Martin Parr has previously waxed lyrical with Magnum about why the seaside has proven to be such fertile ground for his work, and now, as a new book is published featuring a global perspective on the beaches he has photographed–Beach Therapy–the photographer considers how the technical development of his own practices has been mirrored throughout this world-spanning study.
I have a long-established affection for the beach as a place to photograph; people can really be themselves as they sunbathe, play, swim and relax. For me, the beach is also a human laboratory where I can experiment with new ideas and approaches, using the location to explore what is possible with the camera. So, in my long career, the many cameras and techniques I have used have first been applied to beach photography, often in the early days of a particular phase of my work.
I am now going to list the different phases of my beach photography career and try to show how they flowed into each other. This book illustrates the different phases of my beach photography as they unfold.
Early days: black and white, 1970-1982
My parents were bird watchers and – because of this – I wasn’t taken on beach holidays as a child, but rather had to visit sites of ornithological interest. I have always speculated that this has been the basis for my attraction to the beach. When I went to Manchester Polytechnic to study photography I immediately started going to Blackpool to shoot on the beaches there. Back in the 70s, if you were a serious photographer in the UK, you were obliged to shoot in black and white. Colour was seen as the domain of snapshot and commercial photography.
"I have a long-established affection for the beach as a place to photograph; people can really be themselves as they sunbathe, play, swim and relax. "
- Martin Parr
Medium format, colour, wide angle, along with flash, 1982-1986
I was inspired to move from black and white to colour in the early 80s. I decided to up format and bought one of the newly launched Plaubel wide angle medium format 6/7cm cameras. This was combined with flash and I started shooting in New Brighton, a run down seaside resort near Liverpool. This work was published as a book entitled The Last Resort in 1986. The language of this project and many subsequent colour experiments echoed that of commercial photography, that is bright colours, with daylight flash, but was applied to an independent project.
Medium format, standard lens, 1987-88
After the success of this strategy the next experiment involved using a standard lens instead of the wide angle lens – which has its limitations – as playing with differential focal planes did not really apply. I used this technique for a commission to photograph on the Isle of Thanet, better known as Margate, Ramsgate and Broadstairs. This gave me the chance to come in tighter to the subject, rather than a more spatial approach, which is inevitably linked to the wide angle lens.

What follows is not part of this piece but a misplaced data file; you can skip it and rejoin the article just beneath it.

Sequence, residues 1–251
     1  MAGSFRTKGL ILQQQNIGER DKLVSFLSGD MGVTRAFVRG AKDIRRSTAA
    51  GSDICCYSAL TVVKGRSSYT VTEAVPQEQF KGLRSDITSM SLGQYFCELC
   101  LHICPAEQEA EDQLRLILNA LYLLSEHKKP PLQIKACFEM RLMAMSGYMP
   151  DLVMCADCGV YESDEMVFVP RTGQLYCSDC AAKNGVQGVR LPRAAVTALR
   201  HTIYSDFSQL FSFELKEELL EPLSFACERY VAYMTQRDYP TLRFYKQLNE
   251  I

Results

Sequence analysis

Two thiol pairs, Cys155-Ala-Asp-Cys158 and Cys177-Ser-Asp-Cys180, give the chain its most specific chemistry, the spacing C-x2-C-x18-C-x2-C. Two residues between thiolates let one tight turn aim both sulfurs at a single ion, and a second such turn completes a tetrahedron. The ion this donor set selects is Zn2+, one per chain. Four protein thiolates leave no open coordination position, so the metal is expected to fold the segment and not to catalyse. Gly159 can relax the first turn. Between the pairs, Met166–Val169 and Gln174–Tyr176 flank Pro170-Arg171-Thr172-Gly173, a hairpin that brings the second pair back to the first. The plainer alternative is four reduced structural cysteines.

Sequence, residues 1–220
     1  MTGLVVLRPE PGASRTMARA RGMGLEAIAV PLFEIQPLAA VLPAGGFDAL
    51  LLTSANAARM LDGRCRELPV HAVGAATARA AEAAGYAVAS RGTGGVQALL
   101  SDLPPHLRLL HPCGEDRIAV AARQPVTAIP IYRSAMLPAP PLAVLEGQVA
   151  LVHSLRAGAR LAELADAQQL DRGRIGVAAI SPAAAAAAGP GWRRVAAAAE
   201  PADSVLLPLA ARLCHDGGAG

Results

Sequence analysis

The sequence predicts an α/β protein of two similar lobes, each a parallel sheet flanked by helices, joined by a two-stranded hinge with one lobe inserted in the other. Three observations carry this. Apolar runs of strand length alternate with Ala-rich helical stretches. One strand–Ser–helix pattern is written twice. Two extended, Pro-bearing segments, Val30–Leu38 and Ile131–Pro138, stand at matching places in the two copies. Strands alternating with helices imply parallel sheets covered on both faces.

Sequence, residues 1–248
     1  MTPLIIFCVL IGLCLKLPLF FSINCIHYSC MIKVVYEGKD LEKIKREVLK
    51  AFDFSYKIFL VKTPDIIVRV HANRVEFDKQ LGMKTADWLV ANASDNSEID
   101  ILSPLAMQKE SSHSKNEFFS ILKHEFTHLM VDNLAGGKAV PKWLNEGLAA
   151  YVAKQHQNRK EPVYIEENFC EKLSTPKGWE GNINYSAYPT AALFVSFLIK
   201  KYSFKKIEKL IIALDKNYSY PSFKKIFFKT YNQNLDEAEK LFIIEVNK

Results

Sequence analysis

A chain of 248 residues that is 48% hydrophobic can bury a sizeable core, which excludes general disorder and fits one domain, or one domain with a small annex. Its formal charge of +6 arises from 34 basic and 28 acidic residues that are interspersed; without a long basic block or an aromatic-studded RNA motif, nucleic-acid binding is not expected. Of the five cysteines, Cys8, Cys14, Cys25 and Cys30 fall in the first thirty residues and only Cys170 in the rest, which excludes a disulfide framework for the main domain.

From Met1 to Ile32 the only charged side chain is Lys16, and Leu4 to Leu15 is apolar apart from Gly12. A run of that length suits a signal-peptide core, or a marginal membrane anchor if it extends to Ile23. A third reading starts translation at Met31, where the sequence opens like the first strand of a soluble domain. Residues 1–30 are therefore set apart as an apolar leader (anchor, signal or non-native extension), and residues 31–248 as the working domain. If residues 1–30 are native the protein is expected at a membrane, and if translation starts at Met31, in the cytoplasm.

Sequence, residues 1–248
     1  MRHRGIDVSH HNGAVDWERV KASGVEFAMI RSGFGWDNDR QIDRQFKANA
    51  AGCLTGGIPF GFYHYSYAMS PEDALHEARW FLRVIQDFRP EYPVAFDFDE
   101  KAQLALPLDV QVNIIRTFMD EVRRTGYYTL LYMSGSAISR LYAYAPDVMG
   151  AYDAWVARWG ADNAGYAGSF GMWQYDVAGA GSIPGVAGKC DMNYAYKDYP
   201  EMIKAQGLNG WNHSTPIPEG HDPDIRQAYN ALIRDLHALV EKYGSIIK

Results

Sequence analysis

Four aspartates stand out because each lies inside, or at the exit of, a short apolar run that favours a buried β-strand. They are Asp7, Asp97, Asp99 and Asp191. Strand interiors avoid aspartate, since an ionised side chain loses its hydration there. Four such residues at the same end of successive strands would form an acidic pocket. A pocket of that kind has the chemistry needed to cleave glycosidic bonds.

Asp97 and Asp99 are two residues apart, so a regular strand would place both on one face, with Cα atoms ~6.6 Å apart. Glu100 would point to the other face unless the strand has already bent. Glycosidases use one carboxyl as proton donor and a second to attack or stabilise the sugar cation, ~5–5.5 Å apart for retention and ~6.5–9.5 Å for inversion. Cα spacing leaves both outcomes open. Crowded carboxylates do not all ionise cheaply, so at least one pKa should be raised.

Macro and ring-flash, 1995-2008
In 1995, I purchased a macro lens and ring flash, a combination usually associated with medical photography. The ability to come in close really appealed and I started projects shooting close-ups of food and trying to isolate clichés associated with different countries. There are two main features of my work using this combination: coming in close to anything from feet to faces, but also lighting the foreground and letting the rest of the image fall away and be out of focus. Both these approaches have been explored on the beach.
"The ability to come in close really appealed and I started projects shooting close-ups of food and trying to isolate clichés associated with different countries."
- Martin Parr
Digital, 2007 and forward
Changing from analogue to digital introduced a whole new approach into my work. Although often still using flash, the palette is more muted and the lens, which zooms from 24mm to 70mm, gave me an opportunity to explore going much further back from the subject. Now a wider view, with smaller figures on the beach scene, began to emerge.
The telephoto era, 2014 and forward
I first used this lens when shooting in one of my favourite beach locations: Mar del Plata, a huge, crazy resort in Argentina. This lens, with its ability to flatten and compress, has been somewhat shunned by the art world (with the honourable exception of Beat Strueli) so I was keen to explore what was possible. This really demonstrated to me the potential of pulling different planes together and also adding in the chaos of out-of-focus plant life in the foreground. When this worked, the resulting photographs did not resemble anything I had seen before, and this was exciting.
I will continue to experiment with beach photography. Who knows what will come next?
Buy a signed copy of Beach Therapy on the Magnum Shop here.